The combat isn’t less deep in DMC1. What’s less deep is the amount of actions and the combo systems. Combat isn’t not just combos and character mechanics, if it was, then any action game without combos would have “not deep combat” which isn’t true. Combat is a two way street, it’s your characters abilities vs the enemies abilities. It’s a matter of toolsets. Even in fighting games, there are lots of attacks a character has that actually have no value in neutral, and are entirely just combo fodder. When doing combos they are valuable, but in neutral, where the actual combat phase is happening, they have no use. DMC3 is very much like that where it has a lot of moves that are just not useful in neutral but are great in combos. It has moves that are the reverse, and moves that are both. In DMC1 there are very few moves that are for combo maximization compared to how many are useful tools designed to deal with specific combat situations.
As for the enemy design in DMC3, since you can have any mix of weapons with you, the enemies have to be designed to be defeatable no matter what weapons you have. in other words, no matter what tools you use, they should be killable. This means you aren’t really learning a good strategy to beat the enemy, you’re just using whatever you like to beat them since they won’t flip out of combos, or block certain types of attacks(vs being vulnerable to others) etc. Now, because DMC3 is designed with player expression in mind, it’s fine, it works, it’s just not very compelling combat interaction. It’s a ton of fun to play as the player character, but the sheer range of tools necessitates enemy design that is straightforward. This is why everyone hates Blitz’s in DMC4. That kind of enemy(Fausts too) was designed around Nero’s toolset which is way more focused(though even for Nero Blitz design fails IMO). Whereas for Dante to deal with them there’s not really any great answer. Anything kind of works but not amazingly well, or you can just learn distorted Real Impact which just kills everything, but no matter which you are going with you’re not really equipped to deal with a Blitz. You have to do really high level stuff to make short work of Angelo’s, Faust’s, Frosts, etc. with Dante, whereas even a mid-level player with Nero has options to deal with everything they have that are not esoteric high level stuff.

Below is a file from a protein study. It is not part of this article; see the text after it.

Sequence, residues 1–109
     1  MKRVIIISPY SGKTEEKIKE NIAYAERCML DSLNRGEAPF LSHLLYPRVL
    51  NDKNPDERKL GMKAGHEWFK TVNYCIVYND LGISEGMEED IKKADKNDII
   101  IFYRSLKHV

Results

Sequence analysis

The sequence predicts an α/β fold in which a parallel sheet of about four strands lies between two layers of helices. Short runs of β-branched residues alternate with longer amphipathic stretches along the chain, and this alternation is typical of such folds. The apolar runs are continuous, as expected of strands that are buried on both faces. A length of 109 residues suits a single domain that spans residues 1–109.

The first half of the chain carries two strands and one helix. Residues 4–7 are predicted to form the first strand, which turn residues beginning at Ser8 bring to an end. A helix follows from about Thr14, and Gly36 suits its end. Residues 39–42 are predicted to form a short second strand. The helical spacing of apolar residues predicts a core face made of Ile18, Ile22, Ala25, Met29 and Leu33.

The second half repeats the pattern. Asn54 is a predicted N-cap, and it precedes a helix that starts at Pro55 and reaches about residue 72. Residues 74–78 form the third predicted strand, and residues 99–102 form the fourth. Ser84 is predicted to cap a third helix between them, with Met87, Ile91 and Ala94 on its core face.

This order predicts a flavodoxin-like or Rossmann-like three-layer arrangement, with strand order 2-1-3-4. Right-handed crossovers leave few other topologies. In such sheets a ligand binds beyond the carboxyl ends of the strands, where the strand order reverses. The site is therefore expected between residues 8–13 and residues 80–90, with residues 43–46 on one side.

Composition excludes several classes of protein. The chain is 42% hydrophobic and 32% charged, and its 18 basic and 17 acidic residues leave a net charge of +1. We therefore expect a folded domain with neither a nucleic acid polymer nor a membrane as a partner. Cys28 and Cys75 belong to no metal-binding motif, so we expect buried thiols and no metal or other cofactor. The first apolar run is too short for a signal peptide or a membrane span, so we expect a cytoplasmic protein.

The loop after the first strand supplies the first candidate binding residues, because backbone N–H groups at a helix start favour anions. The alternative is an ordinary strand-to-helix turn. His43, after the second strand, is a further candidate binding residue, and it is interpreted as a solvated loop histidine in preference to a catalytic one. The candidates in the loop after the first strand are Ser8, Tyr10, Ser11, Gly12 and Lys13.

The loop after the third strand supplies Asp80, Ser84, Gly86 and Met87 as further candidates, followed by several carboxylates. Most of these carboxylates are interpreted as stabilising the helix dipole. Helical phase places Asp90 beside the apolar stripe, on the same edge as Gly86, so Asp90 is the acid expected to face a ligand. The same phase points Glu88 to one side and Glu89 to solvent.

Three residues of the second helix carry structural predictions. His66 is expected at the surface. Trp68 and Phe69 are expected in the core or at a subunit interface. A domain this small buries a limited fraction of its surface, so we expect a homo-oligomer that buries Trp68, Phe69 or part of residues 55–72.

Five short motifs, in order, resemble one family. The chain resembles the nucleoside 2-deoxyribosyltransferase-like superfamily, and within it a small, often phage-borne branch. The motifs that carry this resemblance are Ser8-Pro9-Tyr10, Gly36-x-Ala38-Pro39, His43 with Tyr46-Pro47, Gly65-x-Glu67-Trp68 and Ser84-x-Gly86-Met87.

This isn’t just an enemy count issue, and the main reason enemy count in DMC3 went up is because those enemies are design to be killable in any way you please since the design goal is to just let the player do anything they want, rather than to design interesting situations. If the enemies were made in a more interesting way they COULD reduce the enemy count and it would be fine. Granted, the entire game design would have to change at that point and I don’t expect DMC to ever go back to the “actual” combat focused design as it left that behind a long time ago now.
I’m pretty sure Itsuno himself has said that the design philosophy for his DMCs is mechanics based, while Kamiya’s DMC1 and plenty of his other games too, have been, IIRC it was called “situation based.” Designing enemies around creating situations makes for more interesting neutral combat, while the former makes for more interesting punishment combat, to borrow FG terms again.